Erdogan’s Threat Of Deportations: A Chilling Reminder Of Turkey’s Po

By Ara Khachatourian

Mar 17th, 2010

It seems Turkish Prime Minister Recep Tayyip Erdogan did not see the
irony in his statement Tuesday, when he threatened to deport Armenians
from Turkey if Congress passes the Armenian Genocide resolution.

For years, the Turkish government has used its "tolerance" toward
undocumented Armenian immigrants, allegedly numbering 100,000, as a
way to promote Turkey’s "good will" toward its neighbors.

Needless to say that a senior Armenian government official accused
the Turks late last year of grossly inflating the number of illegal
Armenians residing in Turkey, saying that it does not exceed 5,200. An
Istanbul-born Armenian researcher who studied the issue last year
came up with a similar estimate.

In this most recent iteration of Turkey’s anger toward the US,
Erdogan effectively took a page from the playbook of his ancestors
of the Ottoman Empire, whose systematic deportation of Armenians was
part of the Turks’ genocidal plan.

Erdogan and the Turkish government have gone to great lengths to deny
the Genocide, yet this latest threat, broadcast worldwide on the BBC,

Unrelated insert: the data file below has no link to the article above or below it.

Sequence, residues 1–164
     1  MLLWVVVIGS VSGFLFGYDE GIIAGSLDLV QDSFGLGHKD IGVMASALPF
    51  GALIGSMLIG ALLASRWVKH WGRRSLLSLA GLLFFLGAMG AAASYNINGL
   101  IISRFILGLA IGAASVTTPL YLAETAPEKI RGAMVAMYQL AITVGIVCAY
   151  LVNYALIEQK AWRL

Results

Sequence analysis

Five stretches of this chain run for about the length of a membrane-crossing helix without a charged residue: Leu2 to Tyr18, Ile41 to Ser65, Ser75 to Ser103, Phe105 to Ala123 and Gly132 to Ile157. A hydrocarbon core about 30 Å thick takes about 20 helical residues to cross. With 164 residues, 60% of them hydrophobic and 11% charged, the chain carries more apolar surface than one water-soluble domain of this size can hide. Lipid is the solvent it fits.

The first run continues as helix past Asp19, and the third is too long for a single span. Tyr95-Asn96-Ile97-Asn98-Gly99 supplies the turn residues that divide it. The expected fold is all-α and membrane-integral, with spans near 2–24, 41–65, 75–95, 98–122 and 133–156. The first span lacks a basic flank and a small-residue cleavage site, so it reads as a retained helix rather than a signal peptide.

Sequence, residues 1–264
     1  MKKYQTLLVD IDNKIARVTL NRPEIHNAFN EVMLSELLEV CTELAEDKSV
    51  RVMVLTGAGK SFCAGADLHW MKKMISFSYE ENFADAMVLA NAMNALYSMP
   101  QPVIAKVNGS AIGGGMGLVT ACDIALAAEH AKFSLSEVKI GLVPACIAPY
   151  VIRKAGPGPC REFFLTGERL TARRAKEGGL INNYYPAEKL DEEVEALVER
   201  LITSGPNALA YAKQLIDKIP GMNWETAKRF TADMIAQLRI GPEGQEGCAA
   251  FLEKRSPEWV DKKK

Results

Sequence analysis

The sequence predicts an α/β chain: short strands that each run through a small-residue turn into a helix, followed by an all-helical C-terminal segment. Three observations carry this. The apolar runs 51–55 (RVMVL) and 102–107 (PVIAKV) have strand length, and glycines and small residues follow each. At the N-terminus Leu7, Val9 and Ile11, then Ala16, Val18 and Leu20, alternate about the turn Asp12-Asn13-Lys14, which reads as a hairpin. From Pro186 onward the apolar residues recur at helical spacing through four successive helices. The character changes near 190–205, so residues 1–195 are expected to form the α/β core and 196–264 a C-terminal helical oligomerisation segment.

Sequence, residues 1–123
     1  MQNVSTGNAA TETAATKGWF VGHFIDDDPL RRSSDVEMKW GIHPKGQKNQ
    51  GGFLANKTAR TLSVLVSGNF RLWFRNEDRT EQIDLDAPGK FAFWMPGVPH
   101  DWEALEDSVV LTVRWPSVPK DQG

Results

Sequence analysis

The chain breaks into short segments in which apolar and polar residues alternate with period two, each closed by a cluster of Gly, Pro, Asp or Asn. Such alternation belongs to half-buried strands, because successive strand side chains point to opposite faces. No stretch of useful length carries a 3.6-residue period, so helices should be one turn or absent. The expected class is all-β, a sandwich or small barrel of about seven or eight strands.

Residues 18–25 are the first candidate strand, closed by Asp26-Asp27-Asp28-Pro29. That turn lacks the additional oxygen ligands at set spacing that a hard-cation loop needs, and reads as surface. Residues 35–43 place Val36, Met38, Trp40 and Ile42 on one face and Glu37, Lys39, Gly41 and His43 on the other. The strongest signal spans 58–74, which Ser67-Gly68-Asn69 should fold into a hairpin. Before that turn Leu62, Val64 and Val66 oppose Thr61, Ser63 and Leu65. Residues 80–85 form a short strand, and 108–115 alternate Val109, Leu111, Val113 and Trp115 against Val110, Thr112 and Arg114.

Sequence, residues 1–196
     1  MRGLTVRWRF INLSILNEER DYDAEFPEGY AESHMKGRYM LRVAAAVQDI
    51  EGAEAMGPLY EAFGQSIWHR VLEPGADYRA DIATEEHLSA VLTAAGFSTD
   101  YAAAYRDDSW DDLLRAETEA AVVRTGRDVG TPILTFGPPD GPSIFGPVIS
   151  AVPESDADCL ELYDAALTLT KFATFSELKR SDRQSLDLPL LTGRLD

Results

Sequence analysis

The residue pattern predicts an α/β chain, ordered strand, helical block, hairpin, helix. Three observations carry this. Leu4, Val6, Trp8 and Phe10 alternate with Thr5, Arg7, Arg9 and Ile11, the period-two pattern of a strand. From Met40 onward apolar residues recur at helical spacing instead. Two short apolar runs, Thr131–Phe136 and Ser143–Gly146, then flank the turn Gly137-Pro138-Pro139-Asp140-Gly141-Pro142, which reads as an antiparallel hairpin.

proves only one thing: state-sponsored persecution is not only part
of Turkey’s history but it is also engrained in its society.

The Erdogan remarks should also raise red flags among those who invoke
Turkey’s significance as an ally to rationalize their opposition to
US recognition of the Armenian Genocide. Their steadfast perpetuation
of the Turkish lie gives a green light to the Turkish prime minister
to nonchalantly use the threat of deportation against Armenian living
in Turkey today.

Just imagine the visuals: Turkish interior ministry forces rounding up
the alleged 100,000 illegal Armenians from their homes and stuffing
them into vehicles to be transported to their exile. Or will they
want to them to walk to their exile?

The most shocking is the reaction of international leaders to this
announcement. Instead of being admonished for his inhumane posturing,
Erdogan, who is in London at the invitation of his British counterpart,
Gordon Brown, was assured Wednesday by British officials that the
Genocide bill pending in parliament would not pass.

While Armenia’s prime minister and justice minister were quick to
criticize Erdogan’s latest desperate retort, they should have vocally
stated that Armenia would welcome its own citizens back with open arms.

This statement should also send a clear signal to Armenia’s leadership
that the protocols process, which was shortsighted to begin with,
is, in fact, fraught with dangers for Armenians and their national

From: Emil Lazarian | Ararat NewsPress

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Emil Lazarian

“I should like to see any power of the world destroy this race, this small tribe of unimportant people, whose wars have all been fought and lost, whose structures have crumbled, literature is unread, music is unheard, and prayers are no more answered. Go ahead, destroy Armenia . See if you can do it. Send them into the desert without bread or water. Burn their homes and churches. Then see if they will not laugh, sing and pray again. For when two of them meet anywhere in the world, see if they will not create a New Armenia.” - WS